Low-damage deposition of transparent conductive oxides as top contacts for transparent organic light emitting diodes

Organic light emitting diodes, or ‘OLEDs’ have become a common technology in everyday displays such as mobile phones, laptops, and televisions. These types of devices rely on an OLED structure that uses ‘bottom-emission’, meaning that the top of the device consists of a non-transparent backplane, and the light and colours generated in the device are emitted through the transparent, bottom side of the device. In order to incorporate OLED technology into new and exciting applications such as heads up displays, smart windows, or augmented reality, the device must be fabricated so that it is completely transparent and capable of both ‘bottom emission’ and ‘top emission’. A significant challenge with a transparent OLED (TOLED) is that the transparent electrode which must be deposited directly on top of the light-generating organic layers can cause damage to the device and limit performance.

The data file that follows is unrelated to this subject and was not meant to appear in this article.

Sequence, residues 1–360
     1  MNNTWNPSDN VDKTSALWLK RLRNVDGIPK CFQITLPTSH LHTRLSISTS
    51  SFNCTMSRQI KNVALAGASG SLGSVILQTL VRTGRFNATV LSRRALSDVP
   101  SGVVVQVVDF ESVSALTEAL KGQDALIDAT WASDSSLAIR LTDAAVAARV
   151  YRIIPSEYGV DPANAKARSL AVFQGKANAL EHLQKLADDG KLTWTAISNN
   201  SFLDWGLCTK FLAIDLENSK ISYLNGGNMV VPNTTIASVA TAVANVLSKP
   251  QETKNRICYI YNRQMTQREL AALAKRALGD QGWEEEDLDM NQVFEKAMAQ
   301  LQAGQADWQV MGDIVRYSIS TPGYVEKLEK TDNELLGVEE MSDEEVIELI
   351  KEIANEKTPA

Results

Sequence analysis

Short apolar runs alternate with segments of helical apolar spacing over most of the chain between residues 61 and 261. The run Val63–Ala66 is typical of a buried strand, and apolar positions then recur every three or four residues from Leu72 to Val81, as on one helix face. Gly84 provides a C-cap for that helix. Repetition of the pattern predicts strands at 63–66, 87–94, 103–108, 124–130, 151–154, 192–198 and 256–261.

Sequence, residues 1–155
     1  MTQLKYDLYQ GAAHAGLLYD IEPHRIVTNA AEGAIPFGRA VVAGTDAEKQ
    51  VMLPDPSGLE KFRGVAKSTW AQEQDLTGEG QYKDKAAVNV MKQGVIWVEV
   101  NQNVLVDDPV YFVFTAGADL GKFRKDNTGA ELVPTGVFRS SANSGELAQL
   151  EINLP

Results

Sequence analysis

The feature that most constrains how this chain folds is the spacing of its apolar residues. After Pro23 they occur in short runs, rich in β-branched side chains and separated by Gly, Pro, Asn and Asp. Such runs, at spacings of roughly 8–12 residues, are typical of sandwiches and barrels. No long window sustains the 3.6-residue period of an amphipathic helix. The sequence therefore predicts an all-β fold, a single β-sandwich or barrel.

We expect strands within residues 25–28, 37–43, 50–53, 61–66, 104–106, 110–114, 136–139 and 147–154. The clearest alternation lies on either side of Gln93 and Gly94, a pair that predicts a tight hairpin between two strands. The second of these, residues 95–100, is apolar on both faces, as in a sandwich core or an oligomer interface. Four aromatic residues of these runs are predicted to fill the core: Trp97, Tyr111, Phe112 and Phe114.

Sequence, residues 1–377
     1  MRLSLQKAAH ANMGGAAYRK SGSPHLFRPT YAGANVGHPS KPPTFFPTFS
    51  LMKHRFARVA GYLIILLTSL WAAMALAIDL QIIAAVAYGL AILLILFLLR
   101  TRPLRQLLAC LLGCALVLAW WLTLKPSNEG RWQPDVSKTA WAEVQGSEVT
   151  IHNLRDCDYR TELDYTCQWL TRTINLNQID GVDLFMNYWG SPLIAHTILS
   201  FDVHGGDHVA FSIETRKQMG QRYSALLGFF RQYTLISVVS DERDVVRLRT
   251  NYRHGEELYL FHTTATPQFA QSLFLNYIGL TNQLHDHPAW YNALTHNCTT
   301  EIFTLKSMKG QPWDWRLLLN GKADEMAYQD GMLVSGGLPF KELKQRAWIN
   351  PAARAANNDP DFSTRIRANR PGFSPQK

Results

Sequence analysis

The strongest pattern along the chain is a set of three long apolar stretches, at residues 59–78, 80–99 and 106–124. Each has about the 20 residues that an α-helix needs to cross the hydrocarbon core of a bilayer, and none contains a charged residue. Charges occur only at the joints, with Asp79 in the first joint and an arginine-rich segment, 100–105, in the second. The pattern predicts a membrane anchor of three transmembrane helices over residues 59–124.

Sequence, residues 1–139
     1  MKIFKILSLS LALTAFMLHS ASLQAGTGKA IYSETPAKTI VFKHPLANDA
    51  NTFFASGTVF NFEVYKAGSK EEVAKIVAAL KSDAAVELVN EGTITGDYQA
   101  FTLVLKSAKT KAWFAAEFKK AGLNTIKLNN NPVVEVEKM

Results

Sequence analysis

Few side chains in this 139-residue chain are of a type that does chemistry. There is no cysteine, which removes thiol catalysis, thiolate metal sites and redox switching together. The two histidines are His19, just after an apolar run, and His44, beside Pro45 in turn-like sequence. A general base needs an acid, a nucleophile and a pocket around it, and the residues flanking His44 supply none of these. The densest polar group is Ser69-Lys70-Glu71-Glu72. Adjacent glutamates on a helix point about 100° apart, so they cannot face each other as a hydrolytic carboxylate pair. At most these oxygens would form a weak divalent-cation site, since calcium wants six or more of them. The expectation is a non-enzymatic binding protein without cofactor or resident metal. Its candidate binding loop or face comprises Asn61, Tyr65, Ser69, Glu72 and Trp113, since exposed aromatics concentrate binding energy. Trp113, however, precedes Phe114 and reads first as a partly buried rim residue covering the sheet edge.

Intern: 
Martin Lennox
Faculty Supervisor: 
Benoit Lessard
Province: 
Ontario
Partner University: 
Program: